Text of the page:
explains Alberto Novelli, ESA operations manager of the payload for
the first ATV mission.
Novelli continues: "For the first ATV flight Jules Verne will use
the full capacity of the cargo ship and will carry even more fuel
than the following ATV missions. The extra fuel will allow this
demonstration flight to test several scenarios and maneuvers,
including contingency situations, such as going back to a parking
orbit and delaying the rendezvous until the following day. Such
situations require a new docking maneuver and would take a lot of
fuel – up to about 500 kg. Consequently, about one third of
the payload will be fuel."
The rest of Jules Verne's payload will be 860 kg of refueling
propellant for the Station's own propulsion system, 280 kg of
drinking water, 20 kg of oxygen and the large amount of re-boost
propellant already mentioned.
After a nominal and complex mission in orbit up to the docking,
Jules Verne will still carry two tons of propellant for re-boost of
the Station. The extra fuel not consumed for unexpected scenarios
during the free flight phase will automatically be used for extra
re-boost of the Space Station during the attached phase. The
purpose of the re-boost is to raise the ISS altitude, which
naturally decreases with time due to the residual atmospheric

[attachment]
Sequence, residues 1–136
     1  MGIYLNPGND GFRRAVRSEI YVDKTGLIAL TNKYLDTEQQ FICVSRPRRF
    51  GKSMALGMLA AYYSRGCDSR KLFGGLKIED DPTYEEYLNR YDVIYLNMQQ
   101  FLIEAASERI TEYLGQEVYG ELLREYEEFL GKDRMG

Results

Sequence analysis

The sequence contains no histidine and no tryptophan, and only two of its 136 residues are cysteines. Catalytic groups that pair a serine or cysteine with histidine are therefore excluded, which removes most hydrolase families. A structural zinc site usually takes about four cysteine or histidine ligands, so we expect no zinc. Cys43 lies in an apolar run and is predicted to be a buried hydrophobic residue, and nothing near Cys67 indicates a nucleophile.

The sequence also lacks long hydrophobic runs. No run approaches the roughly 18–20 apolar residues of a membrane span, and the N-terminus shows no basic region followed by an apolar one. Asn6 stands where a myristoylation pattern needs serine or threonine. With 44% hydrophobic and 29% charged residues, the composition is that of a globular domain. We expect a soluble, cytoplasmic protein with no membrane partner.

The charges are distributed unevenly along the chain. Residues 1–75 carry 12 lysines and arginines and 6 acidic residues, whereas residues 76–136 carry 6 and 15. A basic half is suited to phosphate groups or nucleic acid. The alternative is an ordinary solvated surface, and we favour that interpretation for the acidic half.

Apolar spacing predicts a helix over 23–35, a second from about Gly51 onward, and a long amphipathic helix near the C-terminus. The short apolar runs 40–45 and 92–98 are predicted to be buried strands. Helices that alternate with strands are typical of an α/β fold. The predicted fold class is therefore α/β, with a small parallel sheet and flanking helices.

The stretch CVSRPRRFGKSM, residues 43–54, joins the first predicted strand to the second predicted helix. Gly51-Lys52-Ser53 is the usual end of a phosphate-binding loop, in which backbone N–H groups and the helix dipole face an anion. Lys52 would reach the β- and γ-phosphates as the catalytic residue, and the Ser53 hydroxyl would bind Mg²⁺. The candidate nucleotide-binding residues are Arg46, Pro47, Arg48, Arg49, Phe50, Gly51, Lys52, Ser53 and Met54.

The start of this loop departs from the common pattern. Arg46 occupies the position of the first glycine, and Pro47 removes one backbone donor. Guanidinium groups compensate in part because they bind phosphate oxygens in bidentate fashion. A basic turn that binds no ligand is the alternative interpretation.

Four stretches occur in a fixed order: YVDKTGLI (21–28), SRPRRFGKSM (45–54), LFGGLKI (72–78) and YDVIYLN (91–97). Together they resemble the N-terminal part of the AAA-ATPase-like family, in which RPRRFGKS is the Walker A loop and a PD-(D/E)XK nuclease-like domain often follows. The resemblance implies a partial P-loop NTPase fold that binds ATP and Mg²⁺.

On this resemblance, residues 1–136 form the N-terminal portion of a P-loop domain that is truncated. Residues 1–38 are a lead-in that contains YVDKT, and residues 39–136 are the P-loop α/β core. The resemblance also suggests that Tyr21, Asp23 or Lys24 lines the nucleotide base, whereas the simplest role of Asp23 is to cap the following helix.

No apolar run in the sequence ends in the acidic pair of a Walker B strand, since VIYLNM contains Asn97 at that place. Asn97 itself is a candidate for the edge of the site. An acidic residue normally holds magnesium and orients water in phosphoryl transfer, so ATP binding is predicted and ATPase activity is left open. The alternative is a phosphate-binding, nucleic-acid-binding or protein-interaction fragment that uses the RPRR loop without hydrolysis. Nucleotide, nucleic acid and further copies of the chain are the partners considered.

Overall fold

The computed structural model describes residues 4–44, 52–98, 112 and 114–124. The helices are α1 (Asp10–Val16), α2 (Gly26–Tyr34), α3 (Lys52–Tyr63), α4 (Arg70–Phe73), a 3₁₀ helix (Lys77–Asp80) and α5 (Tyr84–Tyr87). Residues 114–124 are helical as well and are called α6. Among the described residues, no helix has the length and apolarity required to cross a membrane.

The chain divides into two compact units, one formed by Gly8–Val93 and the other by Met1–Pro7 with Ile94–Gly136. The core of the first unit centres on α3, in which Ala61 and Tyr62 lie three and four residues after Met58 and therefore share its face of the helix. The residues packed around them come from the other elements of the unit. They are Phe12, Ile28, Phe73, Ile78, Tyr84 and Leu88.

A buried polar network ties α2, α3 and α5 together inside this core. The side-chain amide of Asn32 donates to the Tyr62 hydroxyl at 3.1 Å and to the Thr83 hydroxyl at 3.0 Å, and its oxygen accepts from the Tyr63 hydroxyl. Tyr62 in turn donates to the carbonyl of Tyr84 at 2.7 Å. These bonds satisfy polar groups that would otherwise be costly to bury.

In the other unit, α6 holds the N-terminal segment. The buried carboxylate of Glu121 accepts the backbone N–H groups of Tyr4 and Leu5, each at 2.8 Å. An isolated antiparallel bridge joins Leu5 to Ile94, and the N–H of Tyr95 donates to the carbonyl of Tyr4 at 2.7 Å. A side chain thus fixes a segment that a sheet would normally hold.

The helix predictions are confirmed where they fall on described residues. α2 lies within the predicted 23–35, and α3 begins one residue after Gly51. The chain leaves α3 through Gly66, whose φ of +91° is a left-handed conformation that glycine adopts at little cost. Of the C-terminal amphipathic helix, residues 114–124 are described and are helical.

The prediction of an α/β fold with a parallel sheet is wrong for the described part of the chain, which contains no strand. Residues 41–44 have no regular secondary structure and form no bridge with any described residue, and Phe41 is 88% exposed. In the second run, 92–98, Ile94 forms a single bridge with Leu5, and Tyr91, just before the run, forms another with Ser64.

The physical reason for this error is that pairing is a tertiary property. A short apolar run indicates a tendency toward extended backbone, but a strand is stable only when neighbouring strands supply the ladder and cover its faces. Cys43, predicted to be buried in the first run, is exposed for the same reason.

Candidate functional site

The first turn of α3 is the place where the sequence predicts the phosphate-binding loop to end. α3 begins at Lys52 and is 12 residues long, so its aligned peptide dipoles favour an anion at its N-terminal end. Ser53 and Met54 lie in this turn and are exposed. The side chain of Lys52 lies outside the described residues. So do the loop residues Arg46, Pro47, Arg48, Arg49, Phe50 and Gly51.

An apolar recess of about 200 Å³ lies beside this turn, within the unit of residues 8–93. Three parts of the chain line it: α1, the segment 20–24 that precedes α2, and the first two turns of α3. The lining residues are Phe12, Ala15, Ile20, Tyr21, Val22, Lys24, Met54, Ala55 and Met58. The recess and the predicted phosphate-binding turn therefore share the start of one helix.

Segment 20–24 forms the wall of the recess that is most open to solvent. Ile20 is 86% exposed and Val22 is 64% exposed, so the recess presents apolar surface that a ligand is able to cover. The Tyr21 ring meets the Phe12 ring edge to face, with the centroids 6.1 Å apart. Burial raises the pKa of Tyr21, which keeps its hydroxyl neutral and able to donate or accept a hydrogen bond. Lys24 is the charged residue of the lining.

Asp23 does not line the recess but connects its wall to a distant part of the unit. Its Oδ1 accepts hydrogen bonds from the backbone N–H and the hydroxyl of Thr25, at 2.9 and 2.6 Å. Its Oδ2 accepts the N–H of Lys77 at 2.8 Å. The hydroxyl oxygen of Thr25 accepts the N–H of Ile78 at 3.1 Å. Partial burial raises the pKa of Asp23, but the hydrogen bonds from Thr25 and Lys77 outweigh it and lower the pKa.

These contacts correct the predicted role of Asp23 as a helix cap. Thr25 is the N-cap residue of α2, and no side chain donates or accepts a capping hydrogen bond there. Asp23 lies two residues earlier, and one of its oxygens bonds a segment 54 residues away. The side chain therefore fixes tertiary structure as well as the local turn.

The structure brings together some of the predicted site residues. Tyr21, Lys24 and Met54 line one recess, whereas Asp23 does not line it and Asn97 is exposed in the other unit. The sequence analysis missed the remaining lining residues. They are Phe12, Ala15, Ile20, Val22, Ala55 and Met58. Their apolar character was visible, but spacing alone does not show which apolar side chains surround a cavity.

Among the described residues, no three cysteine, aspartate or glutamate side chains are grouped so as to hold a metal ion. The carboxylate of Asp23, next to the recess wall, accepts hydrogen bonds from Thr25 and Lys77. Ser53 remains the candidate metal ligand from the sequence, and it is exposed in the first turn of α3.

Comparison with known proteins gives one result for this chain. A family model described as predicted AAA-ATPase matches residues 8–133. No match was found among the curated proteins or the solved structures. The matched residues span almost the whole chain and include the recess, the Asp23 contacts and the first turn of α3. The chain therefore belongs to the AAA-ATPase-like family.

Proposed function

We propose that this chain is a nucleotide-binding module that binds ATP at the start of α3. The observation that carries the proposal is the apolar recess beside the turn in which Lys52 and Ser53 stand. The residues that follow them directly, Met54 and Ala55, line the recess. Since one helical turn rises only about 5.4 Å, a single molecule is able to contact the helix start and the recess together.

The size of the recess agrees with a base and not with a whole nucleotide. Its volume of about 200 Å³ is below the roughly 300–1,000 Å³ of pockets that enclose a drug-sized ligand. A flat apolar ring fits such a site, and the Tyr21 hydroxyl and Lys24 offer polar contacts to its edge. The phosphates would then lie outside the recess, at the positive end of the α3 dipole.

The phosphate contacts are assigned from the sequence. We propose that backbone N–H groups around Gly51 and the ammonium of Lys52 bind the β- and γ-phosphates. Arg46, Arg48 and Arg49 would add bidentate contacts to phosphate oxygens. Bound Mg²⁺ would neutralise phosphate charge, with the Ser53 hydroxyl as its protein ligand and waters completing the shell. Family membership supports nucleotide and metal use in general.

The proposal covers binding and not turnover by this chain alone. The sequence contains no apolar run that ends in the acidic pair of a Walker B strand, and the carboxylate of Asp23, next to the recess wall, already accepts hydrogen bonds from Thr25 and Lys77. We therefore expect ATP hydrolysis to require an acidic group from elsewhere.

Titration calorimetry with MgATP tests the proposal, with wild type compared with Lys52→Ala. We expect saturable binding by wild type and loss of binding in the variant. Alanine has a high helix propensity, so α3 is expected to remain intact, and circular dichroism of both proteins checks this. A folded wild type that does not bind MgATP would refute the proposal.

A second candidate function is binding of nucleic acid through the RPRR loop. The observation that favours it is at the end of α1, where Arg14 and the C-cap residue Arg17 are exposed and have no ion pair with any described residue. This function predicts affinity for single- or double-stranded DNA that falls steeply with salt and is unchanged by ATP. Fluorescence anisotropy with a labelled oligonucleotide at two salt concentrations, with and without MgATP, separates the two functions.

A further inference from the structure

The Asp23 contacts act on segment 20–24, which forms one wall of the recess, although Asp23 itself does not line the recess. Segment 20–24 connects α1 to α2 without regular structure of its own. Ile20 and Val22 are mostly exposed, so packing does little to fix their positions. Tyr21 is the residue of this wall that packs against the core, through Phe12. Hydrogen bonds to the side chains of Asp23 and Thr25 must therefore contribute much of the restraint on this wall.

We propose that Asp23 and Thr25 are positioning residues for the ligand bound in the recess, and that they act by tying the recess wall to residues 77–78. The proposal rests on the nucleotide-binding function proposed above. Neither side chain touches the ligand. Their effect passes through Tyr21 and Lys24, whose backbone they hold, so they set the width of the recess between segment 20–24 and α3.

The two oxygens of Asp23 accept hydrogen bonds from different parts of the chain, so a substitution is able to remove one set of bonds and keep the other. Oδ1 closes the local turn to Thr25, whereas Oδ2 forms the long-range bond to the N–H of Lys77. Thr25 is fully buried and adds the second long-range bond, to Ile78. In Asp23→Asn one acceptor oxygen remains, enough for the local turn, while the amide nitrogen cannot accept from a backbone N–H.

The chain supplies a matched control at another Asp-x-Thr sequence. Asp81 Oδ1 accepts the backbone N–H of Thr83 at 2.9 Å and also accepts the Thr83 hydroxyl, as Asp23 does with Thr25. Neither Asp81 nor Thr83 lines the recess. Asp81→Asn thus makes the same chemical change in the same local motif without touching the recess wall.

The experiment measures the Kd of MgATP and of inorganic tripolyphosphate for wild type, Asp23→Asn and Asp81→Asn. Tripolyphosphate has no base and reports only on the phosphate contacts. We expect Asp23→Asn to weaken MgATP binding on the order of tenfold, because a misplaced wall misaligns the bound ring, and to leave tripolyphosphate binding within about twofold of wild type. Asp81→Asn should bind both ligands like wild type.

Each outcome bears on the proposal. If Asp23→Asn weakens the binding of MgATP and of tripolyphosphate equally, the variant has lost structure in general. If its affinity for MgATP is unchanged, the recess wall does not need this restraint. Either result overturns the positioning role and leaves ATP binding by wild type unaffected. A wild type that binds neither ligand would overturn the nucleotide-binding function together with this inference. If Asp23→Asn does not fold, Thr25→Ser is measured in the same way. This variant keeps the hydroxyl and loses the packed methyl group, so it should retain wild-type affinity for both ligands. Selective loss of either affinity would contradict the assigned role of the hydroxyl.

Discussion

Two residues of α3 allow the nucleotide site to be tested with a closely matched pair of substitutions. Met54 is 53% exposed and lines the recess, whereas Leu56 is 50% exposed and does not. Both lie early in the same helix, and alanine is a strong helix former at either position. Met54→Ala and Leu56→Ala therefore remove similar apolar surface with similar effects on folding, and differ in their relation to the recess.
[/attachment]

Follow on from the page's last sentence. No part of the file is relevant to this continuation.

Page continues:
Delivery Of "Russian" Type Water
The ATV is able carry two types of water to the ISS in
compliance with the different standards of NASA and the Russian
state space agency, Roskosmos:
- The NASA standard requires its water to have low dry residue like
the one produced – through reverse electrolyses process
– by the fuel cells on board the NASA Space Shuttle. It is
disinfected with iodine.
- The basis for Roskosmos standard water is to have some amount of
minerals such as calcium, magnesium and fluoride. It is disinfected
with silver obtained via electrolysis.
"For Jules Verne, the ISS partners have decided to bring only the
Russian type of water. We will have the water ready for delivery
less than three months before launch" says Cesare Lobascio, head of
Environmental Control and Life Support for Space Vehicles at Alenia
Spazio in Turin. The same Italian space firm builds the ATV's
pressurized Integrated Cargo Carrier in its Turin plant.
The Integrated Cargo Carrier has a maximum capacity for water of
840 kg, divided over three water tanks, but on Jules Verne only one
tank will be filled.
Waste Removal From The ISS
The ATV has about three times the payload capability of its
Russian counterpart, the Progress-M cargo vehicle. At the end of
its six-month mission, Jules Verne will offload solid waste and
wastewater from the Station and burn up during atmospheric re-entry
over the Pacific Ocean.
The offload payload has not yet been defined, but liquid waste ( up
to 840 kg ) cannot exceed one sixth of the dry waste ( up to 5 500
kg ). The ISS crew will steadily fill the cargo section with
unwanted material. Up to 6.3 tons of unwanted material can be
removed from the Station using the ATV.